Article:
One of the trees we are planting out at Manawa Karioi this winter is Mānuka or tea tree (Leptospermum scoparium). Everyone knows of Mānuka, although it’s easily overlooked as a relatively small tree, not a forest giant, and it’s not a major species in our more notable forests. But it is one of Aotearoa New Zealand’s most remarkable small tree species. Let’s take a closer look at it.
Mānuka is one of about 17 species of the Myrtaceae or myrtle family, a large family of some 3000 species of trees, shrubs and vines found mainly in tropical and warm temperate countries around the Pacific Ocean, but also including species in the West Indies and Europe. In New Zealand, myrtle family species include the pohutukawa and all the wonderful rata (Metrosideros) trees and vines, as well as Mānuka, its close relative Kānuka (Kunzia ericoides), and a few other related species. So Mānuka is in good company among its myrtle family members.
Mānuka has shortish, spiky needle-like leaves and pretty white spreading flowers. These grow in such profusion that Mānuka-covered hillsides can look as though they have a coating of snow. The withering flower reveals a broad and very hard five-valved capsule which is fire resistant. Take a close look at those capsules – they are very beautiful close-up.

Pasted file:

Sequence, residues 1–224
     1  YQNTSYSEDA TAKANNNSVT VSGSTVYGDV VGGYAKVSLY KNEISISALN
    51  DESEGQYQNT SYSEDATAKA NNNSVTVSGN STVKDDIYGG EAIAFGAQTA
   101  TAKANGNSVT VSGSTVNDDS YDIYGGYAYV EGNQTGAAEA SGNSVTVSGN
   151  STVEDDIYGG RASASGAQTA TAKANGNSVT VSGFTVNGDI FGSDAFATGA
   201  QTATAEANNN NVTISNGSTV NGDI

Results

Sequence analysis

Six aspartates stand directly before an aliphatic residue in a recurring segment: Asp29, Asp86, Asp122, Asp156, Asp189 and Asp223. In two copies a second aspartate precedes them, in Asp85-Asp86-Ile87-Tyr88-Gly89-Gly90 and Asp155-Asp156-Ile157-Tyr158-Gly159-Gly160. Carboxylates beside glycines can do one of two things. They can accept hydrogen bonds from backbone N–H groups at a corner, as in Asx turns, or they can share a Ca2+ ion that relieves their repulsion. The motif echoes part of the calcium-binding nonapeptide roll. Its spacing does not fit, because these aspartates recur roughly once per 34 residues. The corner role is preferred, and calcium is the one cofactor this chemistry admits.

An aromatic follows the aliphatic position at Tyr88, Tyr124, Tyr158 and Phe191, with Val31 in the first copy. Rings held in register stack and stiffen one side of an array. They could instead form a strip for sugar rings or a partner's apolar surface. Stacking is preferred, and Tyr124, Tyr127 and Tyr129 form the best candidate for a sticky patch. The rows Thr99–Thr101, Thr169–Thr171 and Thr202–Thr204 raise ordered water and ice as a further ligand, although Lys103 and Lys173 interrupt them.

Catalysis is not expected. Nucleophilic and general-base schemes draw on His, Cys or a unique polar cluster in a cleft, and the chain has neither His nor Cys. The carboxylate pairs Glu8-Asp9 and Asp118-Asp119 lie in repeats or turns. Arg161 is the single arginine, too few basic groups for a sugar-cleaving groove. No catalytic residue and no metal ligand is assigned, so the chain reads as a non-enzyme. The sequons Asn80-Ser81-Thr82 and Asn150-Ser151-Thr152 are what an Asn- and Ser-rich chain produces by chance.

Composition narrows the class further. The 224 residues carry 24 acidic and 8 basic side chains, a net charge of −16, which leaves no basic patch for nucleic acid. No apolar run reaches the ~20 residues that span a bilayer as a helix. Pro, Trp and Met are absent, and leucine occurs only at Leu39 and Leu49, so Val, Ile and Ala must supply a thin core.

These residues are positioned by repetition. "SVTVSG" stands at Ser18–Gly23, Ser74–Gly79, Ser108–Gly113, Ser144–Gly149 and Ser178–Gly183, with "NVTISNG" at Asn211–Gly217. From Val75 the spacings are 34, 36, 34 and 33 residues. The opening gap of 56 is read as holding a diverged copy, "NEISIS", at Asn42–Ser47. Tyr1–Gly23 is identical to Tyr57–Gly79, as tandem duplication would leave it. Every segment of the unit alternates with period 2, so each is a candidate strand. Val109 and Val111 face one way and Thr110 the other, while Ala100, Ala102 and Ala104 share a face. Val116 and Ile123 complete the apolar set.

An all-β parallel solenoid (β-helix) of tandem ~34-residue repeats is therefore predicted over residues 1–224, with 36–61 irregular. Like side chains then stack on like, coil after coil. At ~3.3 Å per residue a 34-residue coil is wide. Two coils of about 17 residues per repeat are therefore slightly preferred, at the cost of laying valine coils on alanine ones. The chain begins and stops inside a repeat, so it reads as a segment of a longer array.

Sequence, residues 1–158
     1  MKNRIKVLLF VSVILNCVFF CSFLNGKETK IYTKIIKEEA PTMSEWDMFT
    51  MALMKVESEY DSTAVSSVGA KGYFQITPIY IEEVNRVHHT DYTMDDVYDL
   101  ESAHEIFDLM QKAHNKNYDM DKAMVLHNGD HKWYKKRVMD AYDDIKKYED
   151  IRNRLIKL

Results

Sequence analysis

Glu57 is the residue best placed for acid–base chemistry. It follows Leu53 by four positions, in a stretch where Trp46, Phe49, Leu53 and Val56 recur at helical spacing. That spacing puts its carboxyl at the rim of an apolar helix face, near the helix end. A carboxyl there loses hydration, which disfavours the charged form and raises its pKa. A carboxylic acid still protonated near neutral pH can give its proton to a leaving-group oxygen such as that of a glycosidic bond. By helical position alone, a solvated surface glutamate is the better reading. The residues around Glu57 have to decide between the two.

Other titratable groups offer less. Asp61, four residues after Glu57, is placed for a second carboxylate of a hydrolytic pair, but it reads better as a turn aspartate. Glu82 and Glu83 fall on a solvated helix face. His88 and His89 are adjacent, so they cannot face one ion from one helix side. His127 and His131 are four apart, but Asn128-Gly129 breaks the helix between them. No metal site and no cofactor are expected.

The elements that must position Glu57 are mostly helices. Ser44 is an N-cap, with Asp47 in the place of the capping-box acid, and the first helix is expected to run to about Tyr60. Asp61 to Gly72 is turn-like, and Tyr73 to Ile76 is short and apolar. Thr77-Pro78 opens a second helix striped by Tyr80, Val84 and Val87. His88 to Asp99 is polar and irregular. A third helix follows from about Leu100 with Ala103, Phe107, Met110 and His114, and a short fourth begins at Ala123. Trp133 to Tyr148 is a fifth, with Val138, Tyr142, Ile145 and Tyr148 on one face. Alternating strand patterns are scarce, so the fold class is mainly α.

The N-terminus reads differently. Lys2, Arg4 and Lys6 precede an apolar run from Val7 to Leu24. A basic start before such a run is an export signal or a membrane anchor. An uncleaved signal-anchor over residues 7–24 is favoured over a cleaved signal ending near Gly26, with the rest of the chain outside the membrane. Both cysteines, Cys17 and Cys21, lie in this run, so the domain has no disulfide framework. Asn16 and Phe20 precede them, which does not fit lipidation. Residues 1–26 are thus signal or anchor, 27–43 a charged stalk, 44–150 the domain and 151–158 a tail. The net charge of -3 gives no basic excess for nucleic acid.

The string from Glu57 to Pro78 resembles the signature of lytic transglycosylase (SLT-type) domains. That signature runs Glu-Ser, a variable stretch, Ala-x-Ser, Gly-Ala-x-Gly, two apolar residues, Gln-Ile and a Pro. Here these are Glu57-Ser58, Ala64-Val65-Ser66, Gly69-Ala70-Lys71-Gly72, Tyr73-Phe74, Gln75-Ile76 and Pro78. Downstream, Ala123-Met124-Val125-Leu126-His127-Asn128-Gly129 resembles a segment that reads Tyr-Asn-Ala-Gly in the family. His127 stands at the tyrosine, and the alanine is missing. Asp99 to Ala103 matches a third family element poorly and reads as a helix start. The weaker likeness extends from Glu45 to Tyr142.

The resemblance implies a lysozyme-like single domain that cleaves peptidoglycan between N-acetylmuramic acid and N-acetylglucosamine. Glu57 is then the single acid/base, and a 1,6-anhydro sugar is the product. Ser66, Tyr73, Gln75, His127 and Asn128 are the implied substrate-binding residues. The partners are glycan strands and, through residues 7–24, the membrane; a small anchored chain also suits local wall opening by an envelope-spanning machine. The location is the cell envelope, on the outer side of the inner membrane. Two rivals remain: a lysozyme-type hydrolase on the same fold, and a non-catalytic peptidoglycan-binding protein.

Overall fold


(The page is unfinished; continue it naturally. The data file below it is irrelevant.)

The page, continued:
Mānuka must be one of the most variable and adaptable of our native plant species. It grows in habitats from sea level to sub-alpine, can tolerate burning summers and snowy winters, arid hillsides and boggy hollows, fertile and barren soils. It is one of the first woody species to colonise landslide scars and other bare areas in the forest. You often see it on road cuttings. It grows as single trees up to more than 6 metres high, or as extensive thickets, sometimes only 20 or 30 centimetres high. This huge variety of forms is all contained within the one natural species, although many beautiful horticultural varieties have been bred, and widely admired in gardens all over the world.
Perhaps the most characteristic growth form of Mānuka is extensive thickets of often dense scrub about 3-5 meters high, sometimes forming an unbroken canopy, sometimes together with the slightly taller Kānuka. These thickets thrive for many decades until very gradually changing into more heterogeneous forest stands as new species slowly become established in the canopy. The thickets often grew up on farmland as less fertile or less accessible pastures were abandoned from extensive grazing, for example in parts of the Wairarapa and the East Coast. For farmers trying to “tame” nature, the scrub was seen as a curse, often burnt, crushed or hacked down to make way for new pasture (often no more successful than the old) or for pine plantations.
Mānuka has many uses, both in times past and now. In the past, it was an important medicinal plant for Māori; preparations from the leaves and bark were used to reduce fever, treat colds and as sedatives. In colonial times tea was truly brewed from its leaves and the very hard fragrant red wood was always highly regarded for fencing and for tool handles, and especially as a firewood fuel. But for now, Mānuka honey is the most valuable use.